It has been exactly two years to the day since I launched Montana Beer Finder. My original intention remains much intact, to share the what, when, where, and who of the Montana beer world. But a lot has happened in that time. My friend over at Growler Fills and I kicked off the annual Missoula Craft Beer Week; my book, Montana Beer, was released, then sold out, then got reprinted. And now Montana is on the verge of hitting the 50-brewery mark by the end of 2014.
Those are some of the big things, which are important. But it’s the little stuff that this blog, and other beer writers out there, thrives on. It’s the new corner bottle shop that opened. It’s that one keg that came and went in a flash at that one-bar-we-all-love. It’s the record sell-out brewfest that everyone attended but the real story was being able to meet with the brewers who brewed the beer. That’s what keeps at least this blog going.
Author (right) with Marcus Duffey at Great Northern Brewing Co.
Blogging/writing about beer is a labor of love, and with over 800 active Citizen Beer Bloggers in North America, that’s a lot of love going around. I dare say that the majority of these bloggers are not getting paid for what they do, and aside from a free pint or an “atta boy/girl” every once in a while, the perks are the self-satisfaction that you may have educated people about beer in some new way and that the craft brewing industry as a whole gets a slightly larger piece of the pie because you’ve inspired someone to give craft beer a try. And that’s plenty for most of us.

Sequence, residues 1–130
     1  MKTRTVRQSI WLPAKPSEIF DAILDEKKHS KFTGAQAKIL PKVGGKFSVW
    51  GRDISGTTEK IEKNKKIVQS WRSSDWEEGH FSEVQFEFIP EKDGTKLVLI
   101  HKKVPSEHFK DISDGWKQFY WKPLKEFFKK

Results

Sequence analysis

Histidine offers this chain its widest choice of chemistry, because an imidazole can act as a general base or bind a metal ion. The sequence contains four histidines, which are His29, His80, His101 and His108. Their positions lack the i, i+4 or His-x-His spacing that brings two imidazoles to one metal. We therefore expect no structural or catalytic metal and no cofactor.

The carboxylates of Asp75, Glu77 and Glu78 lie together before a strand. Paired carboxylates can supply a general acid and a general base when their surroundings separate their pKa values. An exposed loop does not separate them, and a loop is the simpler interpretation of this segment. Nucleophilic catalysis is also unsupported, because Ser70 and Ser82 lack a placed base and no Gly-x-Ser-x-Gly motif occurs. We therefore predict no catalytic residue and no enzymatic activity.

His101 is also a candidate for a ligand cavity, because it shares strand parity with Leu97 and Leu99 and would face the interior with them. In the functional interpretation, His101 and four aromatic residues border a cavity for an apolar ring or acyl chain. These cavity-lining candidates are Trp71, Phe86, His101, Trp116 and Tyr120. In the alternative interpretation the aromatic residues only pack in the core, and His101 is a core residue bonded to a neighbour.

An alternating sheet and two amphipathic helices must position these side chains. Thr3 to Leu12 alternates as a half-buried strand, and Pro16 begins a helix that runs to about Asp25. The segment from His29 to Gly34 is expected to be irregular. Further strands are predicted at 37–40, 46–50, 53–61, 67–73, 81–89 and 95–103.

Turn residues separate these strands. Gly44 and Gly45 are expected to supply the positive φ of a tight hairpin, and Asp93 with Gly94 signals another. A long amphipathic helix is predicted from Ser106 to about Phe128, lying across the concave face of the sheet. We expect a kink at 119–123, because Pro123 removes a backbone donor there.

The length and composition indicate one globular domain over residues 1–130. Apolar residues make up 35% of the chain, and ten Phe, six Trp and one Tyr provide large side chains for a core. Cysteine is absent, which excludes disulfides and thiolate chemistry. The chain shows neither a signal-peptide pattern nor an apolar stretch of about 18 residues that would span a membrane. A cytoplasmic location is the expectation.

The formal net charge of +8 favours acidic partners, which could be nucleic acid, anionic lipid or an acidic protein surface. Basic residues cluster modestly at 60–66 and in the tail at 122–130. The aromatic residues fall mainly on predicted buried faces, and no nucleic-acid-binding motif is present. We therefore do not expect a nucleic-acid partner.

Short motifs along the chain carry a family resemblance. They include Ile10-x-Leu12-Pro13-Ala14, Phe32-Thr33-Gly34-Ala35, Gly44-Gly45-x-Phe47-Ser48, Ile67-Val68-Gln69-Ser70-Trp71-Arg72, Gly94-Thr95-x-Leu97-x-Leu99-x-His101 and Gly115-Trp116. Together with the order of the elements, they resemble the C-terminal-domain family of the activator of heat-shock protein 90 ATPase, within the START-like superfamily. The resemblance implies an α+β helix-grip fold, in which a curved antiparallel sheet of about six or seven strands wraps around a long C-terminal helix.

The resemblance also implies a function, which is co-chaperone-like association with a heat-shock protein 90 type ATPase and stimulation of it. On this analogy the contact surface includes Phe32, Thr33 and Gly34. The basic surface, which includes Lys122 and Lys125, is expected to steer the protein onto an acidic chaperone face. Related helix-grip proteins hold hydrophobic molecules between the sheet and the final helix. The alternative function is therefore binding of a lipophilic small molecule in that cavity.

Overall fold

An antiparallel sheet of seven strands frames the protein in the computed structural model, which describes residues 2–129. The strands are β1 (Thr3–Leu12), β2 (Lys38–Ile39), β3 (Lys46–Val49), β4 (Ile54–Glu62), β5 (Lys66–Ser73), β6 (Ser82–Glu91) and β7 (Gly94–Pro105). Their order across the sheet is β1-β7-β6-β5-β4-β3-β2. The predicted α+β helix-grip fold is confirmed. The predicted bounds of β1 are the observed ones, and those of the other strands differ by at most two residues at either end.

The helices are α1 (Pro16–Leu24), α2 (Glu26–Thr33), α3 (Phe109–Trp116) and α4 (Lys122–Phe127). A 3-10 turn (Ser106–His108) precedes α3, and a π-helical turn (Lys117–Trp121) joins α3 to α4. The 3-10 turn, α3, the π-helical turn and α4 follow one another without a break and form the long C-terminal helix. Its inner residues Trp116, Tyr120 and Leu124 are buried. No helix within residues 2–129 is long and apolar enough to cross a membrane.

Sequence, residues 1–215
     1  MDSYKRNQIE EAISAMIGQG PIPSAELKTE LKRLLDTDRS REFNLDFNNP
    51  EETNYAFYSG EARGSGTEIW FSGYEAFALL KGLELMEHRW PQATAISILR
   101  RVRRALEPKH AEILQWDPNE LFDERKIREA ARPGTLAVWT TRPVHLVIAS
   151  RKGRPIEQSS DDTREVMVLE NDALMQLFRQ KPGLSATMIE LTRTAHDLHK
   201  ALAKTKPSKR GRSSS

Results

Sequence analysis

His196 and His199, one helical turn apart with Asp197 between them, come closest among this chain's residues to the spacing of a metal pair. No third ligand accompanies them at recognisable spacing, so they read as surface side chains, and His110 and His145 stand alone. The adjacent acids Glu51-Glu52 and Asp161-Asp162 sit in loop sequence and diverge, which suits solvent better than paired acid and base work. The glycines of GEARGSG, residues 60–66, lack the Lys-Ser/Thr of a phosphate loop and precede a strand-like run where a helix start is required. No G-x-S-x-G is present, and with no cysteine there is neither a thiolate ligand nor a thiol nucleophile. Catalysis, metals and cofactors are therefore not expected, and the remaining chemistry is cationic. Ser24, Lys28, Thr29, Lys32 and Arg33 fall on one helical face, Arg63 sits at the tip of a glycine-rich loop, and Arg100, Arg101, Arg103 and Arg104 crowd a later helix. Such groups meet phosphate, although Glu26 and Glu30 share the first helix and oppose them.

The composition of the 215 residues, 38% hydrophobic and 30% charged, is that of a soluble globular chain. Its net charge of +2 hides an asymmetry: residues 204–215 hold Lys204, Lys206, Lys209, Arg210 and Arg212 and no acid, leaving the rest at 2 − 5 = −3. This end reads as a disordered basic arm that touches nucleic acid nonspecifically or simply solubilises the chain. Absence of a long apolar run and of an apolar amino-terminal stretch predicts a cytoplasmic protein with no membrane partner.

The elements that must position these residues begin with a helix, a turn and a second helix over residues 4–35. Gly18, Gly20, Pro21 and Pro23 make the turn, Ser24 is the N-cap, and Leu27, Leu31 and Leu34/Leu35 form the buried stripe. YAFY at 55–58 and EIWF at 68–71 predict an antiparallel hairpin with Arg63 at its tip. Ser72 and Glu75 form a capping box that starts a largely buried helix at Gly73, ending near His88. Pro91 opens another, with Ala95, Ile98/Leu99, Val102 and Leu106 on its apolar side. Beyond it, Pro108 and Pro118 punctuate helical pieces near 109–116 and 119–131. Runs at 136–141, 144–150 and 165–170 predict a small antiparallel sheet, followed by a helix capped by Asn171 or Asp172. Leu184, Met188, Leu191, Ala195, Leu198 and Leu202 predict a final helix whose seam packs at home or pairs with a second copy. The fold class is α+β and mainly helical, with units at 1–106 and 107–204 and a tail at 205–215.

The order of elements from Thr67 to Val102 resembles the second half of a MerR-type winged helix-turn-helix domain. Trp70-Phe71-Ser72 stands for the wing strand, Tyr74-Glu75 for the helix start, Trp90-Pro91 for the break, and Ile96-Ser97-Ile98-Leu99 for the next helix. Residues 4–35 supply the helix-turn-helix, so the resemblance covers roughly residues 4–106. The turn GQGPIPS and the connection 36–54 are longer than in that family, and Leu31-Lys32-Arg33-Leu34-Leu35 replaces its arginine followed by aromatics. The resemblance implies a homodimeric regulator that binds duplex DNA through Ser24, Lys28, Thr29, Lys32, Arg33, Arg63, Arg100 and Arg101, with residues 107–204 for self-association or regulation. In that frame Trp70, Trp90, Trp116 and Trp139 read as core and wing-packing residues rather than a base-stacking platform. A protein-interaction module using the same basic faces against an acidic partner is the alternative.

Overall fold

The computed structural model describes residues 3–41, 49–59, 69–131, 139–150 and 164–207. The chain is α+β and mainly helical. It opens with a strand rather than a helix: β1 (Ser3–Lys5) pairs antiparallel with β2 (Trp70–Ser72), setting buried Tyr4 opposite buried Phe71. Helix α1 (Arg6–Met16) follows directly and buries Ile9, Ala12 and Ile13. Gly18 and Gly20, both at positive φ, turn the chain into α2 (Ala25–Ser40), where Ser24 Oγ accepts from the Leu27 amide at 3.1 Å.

What the beer blogger understands, and benefits from, is his/her in medias res, being “in the midst of things.” Being neither brewery owner, sales rep, distributor, restaurateur, or retailer (i.e. a “citizen” beer blogger), we work to be in the know about everything worth knowing and worth sharing on the craft beer front. One of the main reasons this is useful to all the above-mentioned entities is that they are busy building the craft beer industry and running a business and each faction doesn’t always have the time to sit down and write about it, think about it, and share it with the public in an entertaining way.
Missoula Craft Beer Week stickers. Photo by Alan McCormick.
Furthermore, at the rate craft breweries are opening, the beer blogger serves as a distiller-of-facts for his/her audience. Sure, a craft beer fan/advocate can follow a brewery’s tweets and status updates to keep in the know, but multiply that action by all the breweries that are distributed in the area and that becomes pretty time consuming. Leave it to a beer blogger to share the important news, events, tap takeovers, and new beer releases in one easy to find location.
In short, beer bloggers are the cheerleaders of the craft brewing industry and all its working parts. And because of that, I’m more than ready to put on my cheer-leading skirt and raise a pom-pom in one hand and a beer in the other. Who’s with me?